ESMA’s Latest Q&A on SFTR – 22 January 2022

ESMA Q&A on SFTR

If the settlement of an SFT has failed, are you still required to report this?

ESMA clarified the reporting requirements in relation to Securities Financing Transaction (SFT) settlement fails in a recent Q&A. Due to the various ways in which settlements can fail (i.e., completely, partially, or before or after the SFT maturity date), it can cause confusion in respect of your reporting obligations. In this article, TRAction simplifies when you need to report and when you don’t.

When to report

You will be required to report to a designated trade repository (TR) if the:

  • settlement fail results in an amendment to the transaction;
  • settlement fail occurs more than 1 day after the maturity date (S+1) and:
    • there is no possibility to update the maturity date; or
    • the SFT has been terminated early and there is no and there is no possibility to revert the early termination;
  • closing leg of an SFT settlement fails; and
  • closing leg of a CCP-cleared SFT settlement fail, where the settlement is on a net basis and the settlement fail is attributable to an individual SFT.

When not to report

You are not required to report a temporary settlement fail that neither results in a termination of the SFT nor in a modification of any of the reportable characteristics of the SFT.

How to report

Depending on the circumstance in which the settlement fails you will be required to report as per the following table:

Possible ScenarioHow to Report
The settlement fail modifies the SFTThe amendment should be reported with the action type “MODI”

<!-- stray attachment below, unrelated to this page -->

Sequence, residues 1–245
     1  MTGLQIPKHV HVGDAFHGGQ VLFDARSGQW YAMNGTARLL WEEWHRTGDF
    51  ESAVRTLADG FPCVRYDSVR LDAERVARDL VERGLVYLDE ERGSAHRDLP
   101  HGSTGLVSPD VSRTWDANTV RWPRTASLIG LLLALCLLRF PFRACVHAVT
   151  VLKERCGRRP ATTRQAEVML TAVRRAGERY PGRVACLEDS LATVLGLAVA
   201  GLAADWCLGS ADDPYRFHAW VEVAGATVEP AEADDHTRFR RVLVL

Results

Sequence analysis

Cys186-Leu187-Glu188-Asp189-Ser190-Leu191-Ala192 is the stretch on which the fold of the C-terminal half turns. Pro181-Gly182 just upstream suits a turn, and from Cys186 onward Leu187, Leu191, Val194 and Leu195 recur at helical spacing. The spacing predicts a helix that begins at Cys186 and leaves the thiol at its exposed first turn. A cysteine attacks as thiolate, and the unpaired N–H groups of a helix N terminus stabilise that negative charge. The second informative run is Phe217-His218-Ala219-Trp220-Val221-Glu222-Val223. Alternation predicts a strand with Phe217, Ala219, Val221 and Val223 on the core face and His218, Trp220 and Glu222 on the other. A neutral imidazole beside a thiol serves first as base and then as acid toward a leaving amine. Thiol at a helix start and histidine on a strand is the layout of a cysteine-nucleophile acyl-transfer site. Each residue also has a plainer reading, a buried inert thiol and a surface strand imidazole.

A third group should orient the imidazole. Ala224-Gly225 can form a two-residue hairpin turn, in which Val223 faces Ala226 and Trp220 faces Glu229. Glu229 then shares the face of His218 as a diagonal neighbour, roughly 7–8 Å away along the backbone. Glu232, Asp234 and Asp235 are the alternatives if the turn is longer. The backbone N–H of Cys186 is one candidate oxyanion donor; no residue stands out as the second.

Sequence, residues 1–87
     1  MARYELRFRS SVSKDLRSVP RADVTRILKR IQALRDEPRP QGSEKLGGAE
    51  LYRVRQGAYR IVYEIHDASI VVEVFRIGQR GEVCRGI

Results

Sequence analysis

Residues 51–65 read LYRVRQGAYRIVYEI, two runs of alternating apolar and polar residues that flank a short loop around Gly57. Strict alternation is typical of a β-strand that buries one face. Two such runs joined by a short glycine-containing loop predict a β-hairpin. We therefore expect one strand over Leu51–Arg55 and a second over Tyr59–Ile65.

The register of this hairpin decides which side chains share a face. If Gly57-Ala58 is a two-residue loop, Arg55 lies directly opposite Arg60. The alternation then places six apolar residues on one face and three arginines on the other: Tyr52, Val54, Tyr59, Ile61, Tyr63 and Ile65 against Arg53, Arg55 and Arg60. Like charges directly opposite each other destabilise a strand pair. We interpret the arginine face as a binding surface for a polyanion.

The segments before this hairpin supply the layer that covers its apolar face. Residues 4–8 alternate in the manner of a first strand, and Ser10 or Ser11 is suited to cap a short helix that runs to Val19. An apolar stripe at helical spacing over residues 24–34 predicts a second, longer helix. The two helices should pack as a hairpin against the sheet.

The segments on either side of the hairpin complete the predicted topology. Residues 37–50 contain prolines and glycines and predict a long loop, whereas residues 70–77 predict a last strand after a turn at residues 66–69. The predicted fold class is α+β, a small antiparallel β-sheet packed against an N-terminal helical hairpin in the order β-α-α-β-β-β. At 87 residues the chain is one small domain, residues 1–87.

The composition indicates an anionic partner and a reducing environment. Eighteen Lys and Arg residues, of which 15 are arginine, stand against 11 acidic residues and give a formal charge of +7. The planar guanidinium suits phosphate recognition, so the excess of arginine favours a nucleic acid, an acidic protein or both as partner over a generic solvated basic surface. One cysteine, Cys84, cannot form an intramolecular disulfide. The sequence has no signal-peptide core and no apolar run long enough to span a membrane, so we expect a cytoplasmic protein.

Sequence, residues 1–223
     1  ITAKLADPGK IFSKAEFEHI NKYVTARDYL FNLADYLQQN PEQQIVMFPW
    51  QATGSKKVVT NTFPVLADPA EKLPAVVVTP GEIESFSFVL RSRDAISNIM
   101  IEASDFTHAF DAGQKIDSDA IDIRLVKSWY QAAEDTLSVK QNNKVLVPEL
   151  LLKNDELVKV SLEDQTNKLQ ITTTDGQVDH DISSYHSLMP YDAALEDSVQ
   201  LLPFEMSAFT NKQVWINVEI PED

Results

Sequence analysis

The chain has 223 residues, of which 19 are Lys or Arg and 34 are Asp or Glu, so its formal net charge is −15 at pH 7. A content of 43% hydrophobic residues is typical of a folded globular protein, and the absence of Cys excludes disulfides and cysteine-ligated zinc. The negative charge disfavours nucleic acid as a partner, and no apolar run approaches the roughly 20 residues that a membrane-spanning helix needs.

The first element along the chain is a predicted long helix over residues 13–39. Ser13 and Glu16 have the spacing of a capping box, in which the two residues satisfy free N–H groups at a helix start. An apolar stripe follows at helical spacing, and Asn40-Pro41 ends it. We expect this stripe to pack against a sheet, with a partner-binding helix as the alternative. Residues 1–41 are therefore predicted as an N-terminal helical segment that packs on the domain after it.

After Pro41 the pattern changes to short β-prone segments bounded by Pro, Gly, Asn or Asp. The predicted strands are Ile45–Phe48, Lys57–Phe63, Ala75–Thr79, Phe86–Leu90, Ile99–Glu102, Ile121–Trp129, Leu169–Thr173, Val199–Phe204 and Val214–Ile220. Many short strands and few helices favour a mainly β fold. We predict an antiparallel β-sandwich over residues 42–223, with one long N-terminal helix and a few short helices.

Closing leg of an SFT has not settledCounterparties should be reported with the action type “MODI” no later than S+1
The settlement fail occurs after S+1 and the maturity date and/or early termination cannot be amendedCounterparties should report the outstanding SFT with a new unique transaction identifier (UTI)

If you have any queries regarding the reporting of settlement fails or your SFTR reporting in general, please do not hesitate to contact us.

Article Author:

Share:

Stay in the Know

Recent Articles:

Reporting Millisecond
MiFIR/MiFID II

Do You Need to Report (MiFIR) Trade Time in Milliseconds?

When reporting transactions to regulatory bodies, there are variations in the data format that is required from region to region.  An example of this difference is the accuracy of the timestamp that is deemed acceptable. Under MiFID II/ MiFIR,milliseconds are required in an attempt to increase the transparency and detail of the information passed to the regulator.

Want to know why over 400 firms report their trades through TRAction?

Contact us to simplify your trade and transaction reporting.